Archive for the ‘Atlanta Spider Control’ Category

Spider-Like Creature Once Ruled The Seas | Spider Control

Monday, February 6th, 2017

Well, I hope you are not afraid of water and spiders at the same time, because, once upon a time during the Cambrian period, a giant creature with multiple legs resembling a spider used to rule the seas five hundred million years ago. Be thankful that you did not have to worry about giant spiders when you go to the beach.

Sadly the five hundred million year old sea spiders had such soft bodies, as did most organisms during the Cambrian period, that many of them failed to leave an impression as a fossil, despite being surrounded by sediments necessary to encase most animals of today. However, the researchers exploration was not entirely without academic benefit as the group spotted many tracks along the ground that suggested the presence of a multi-legged worm, similar to the multiple legged worm that bullied all other sea creatures for millions of years.

What do you think recreational beach going would be like today if some of these terrifying creatures had survived?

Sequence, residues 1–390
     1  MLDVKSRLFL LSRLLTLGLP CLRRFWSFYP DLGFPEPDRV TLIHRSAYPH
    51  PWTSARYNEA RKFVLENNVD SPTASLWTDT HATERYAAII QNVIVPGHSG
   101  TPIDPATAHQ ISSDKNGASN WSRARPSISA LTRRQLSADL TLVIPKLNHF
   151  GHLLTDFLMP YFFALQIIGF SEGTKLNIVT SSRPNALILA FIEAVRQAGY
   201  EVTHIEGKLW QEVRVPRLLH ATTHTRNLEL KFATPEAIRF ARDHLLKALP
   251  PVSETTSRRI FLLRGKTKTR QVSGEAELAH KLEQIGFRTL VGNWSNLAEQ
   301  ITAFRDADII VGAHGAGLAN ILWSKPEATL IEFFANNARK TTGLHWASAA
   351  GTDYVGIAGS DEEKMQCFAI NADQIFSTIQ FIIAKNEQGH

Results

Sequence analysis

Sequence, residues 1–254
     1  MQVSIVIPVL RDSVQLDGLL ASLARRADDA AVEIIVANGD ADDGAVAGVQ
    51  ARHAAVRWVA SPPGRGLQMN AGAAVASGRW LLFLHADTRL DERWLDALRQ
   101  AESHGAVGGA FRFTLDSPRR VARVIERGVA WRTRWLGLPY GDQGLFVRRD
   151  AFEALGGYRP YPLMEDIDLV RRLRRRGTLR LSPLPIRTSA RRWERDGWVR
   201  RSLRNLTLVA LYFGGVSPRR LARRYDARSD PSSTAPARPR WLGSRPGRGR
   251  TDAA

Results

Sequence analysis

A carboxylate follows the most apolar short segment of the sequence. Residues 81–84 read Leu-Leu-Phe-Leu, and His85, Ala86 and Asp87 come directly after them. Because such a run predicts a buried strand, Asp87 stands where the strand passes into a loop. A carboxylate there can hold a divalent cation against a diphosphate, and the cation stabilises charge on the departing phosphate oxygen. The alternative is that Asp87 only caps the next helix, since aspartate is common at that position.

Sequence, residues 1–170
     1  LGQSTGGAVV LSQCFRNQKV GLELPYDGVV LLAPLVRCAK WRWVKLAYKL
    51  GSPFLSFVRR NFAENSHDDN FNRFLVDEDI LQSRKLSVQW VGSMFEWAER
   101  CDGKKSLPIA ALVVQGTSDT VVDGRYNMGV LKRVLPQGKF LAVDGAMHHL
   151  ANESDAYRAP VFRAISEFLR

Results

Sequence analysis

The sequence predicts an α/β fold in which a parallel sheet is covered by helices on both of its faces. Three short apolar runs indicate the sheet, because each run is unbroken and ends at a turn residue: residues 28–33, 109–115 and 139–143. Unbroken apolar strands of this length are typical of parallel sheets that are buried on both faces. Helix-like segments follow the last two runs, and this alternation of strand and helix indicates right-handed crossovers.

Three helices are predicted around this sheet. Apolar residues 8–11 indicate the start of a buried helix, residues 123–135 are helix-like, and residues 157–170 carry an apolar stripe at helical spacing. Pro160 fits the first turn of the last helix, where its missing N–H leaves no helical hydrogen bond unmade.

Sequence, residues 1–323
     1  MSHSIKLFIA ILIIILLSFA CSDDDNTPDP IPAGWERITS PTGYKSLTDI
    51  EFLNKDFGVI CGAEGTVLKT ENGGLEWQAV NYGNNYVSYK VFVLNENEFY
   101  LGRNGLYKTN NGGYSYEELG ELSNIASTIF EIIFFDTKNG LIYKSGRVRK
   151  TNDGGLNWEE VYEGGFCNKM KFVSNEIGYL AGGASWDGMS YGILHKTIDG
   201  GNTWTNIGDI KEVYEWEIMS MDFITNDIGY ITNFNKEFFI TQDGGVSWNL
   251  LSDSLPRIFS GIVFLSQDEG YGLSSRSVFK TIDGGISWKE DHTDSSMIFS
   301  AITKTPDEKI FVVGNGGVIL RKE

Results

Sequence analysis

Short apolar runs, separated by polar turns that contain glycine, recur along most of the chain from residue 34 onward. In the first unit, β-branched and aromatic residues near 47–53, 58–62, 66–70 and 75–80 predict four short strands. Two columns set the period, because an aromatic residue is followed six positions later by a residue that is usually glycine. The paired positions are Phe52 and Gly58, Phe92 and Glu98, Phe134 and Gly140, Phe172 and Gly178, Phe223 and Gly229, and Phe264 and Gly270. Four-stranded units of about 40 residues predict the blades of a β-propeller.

Half-Mile Long Spider Web?! | Atlanta Spider Control

Wednesday, December 9th, 2015

Half-Mile Long Spider Web?!

Residents in North Memphis, Tennessee woke up to an eerie surprise; a half-mile long spider web on the grass near their homes. Ahh! What would you think?

This unforeseen web just goes to show how little we truly know about our surroundings. The millions of spiders that made this web had probably been living alongside the locals before the web even appeared.

Memphis Zoo curator Steve Reichling said, “It’s a mass dispersal of the millions of tiny spiders that have always been in that field, unnoticed till now.”

This even is almost certainly a “ballooning event,” which refers to the moment when spiders, normally young ones, float away from their families using silk threads (which can be over a meter in length).  In order for an even like this to take place, “you need relatively calm air or a slight breeze- ballooning doesn’t happen often in wind,” Richard Bradley, an entomologist at Ohio State University says. The spiders most likely dispersed all at once due to favorable air currents and warm weather.

In order to better understand this event, you may recall Charlotte’s Web, where a similar ballooning even happened.

Tennessee Teen, Once Bitten, Now Scared of Brown Recluse Spiders

Tuesday, August 5th, 2014

How do spiders fly for miles?

Wednesday, April 9th, 2014

Atlanta Spider Control

Tuesday, February 12th, 2013

Atlanta Spider Control